Microsoft: Now HTTP needs replacing

The protocol used to deliver Web pages has reached its limits for Web services and peer-to-peer applications, according to Microsoft .Net evangelist Don Box
Written by Matt Loney, Contributor

Now that IPv4 is slowly being replaced by version 6 as a way of increasing the Internet's address space, it appears that another bedrock of the Internet, HTTP, is also reaching its limitations.

Delivering the keynote at European DevWeek in London on Tuesday, Microsoft .Net evangelist Don Box said HTTP presents a major challenge for Web services, for peer-to-peer applications and even for security. A replacement will eventually have to be found, he said, but it is not at all clear who will provide this replacement.

HTTP, or HyperText Transport Protocol, is used by virtually every Web page on the Internet. It is the mechanism by which a browser sends a request to a server on the Internet, and then receives the response.

"One of the big challenges facing Web services is our reliance on HTTP," said Box. However, there is nothing wrong with HTTP per se, as its ubiquity and high dependability means it is the only way to get a reliable end-to-end connection over the Internet, he added. "If people can't search the Web they call the IT department, so the IT department makes sure HTTP is always working. We have engineered the hell out of it." So much so, indeed, that Box likes to think of HTTP as the "cockroach of the Internet" because "after the holocaust it will be the only protocol left standing."

But, he said, we can't stay on HTTP forever, despite all the investment and engineering that have gone into it. Among the problems with HTTP, said Box, is the fact that it is a Remote Procedure Call (RPC) protocol; something that one program (such as a browser) uses to request a service from another program located in another computer (the server) in a network without having to understand network details.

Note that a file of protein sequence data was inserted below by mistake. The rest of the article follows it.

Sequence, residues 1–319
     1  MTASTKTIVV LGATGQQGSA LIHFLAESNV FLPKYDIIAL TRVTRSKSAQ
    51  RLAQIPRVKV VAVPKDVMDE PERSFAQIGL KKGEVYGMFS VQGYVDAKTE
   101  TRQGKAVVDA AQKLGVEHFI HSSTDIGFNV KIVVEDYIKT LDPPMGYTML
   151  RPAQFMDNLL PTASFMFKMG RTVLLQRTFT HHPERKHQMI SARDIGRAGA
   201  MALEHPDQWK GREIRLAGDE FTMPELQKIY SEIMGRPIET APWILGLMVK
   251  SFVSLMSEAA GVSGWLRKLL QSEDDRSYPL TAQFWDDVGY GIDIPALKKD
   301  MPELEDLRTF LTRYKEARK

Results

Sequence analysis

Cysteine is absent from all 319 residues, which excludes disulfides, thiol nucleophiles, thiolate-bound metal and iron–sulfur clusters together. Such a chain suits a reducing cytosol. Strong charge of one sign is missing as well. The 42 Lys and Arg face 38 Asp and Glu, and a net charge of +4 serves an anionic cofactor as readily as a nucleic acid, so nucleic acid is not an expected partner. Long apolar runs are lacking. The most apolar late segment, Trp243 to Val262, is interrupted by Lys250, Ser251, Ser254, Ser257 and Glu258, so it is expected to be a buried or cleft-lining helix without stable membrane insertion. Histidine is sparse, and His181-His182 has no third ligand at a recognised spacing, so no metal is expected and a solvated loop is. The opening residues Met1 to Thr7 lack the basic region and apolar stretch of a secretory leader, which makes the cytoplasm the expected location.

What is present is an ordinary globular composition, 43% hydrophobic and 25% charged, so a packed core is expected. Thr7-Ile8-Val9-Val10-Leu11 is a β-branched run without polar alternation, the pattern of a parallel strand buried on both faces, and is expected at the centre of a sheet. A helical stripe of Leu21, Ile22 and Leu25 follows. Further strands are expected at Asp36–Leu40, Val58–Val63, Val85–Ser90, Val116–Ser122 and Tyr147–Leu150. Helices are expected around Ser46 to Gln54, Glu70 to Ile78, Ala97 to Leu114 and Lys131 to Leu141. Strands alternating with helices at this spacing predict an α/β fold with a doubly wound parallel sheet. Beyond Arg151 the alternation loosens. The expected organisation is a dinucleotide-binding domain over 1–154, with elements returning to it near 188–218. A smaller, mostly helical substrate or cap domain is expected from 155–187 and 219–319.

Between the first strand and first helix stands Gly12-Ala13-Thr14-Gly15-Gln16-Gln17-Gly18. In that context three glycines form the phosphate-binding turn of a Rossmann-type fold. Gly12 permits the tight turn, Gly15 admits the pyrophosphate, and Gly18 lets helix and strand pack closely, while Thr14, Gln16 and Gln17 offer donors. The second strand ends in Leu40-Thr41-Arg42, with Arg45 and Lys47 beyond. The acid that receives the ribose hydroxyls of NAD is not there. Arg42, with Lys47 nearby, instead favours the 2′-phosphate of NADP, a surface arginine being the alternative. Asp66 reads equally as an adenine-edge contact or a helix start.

This works for small transactions asking for Web pages, but when Web services start running transactions that take some time to complete over the protocol, the model fails. "If it takes three minutes for a response, it is not really HTTP any more," Box said. The problem, said Box, is that the intermediaries -- that is, the companies that own the routers and cables between the client and server -- will not allow single transactions that take this long.

"We have to do something to make it (HTTP) less important," said Box. "If we rely on HTTP we will melt the Internet. We at least have to raise the level of abstraction, so that we have an industry-wide way to do long-running requests -- I need a way to send a request to a server and not get the result for five days."

Another problem with HTTP, said Box, is that it is asymmetric. "Only one entity can initiate an exchange over HTTP, the other entity is passive, and can only respond. For peer-to-peer applications this is not really suitable," he said. The reason that peer-to-peer applications do work today, said Box, is that programmers create hacks to get around the limitations of the protocol, and this is not good. "It's all hackery, it's all ad-hoc and none of it is interoperable," he added.

There is work going on to address the shortcomings of HTTP, said Box. Several working groups are working on the problem at the W3C, the organisation responsible for Web standards. And even though Microsoft is working on the problem too, Box did say that Microsoft is unlikely to succeed alone.

"Microsoft has some ideas (on how to break the independence on HTTP), IBM has some ideas, and others have ideas. We'll see," he said. But, he added, "if one vendor does it on their own, it will simply not be worth the trouble."

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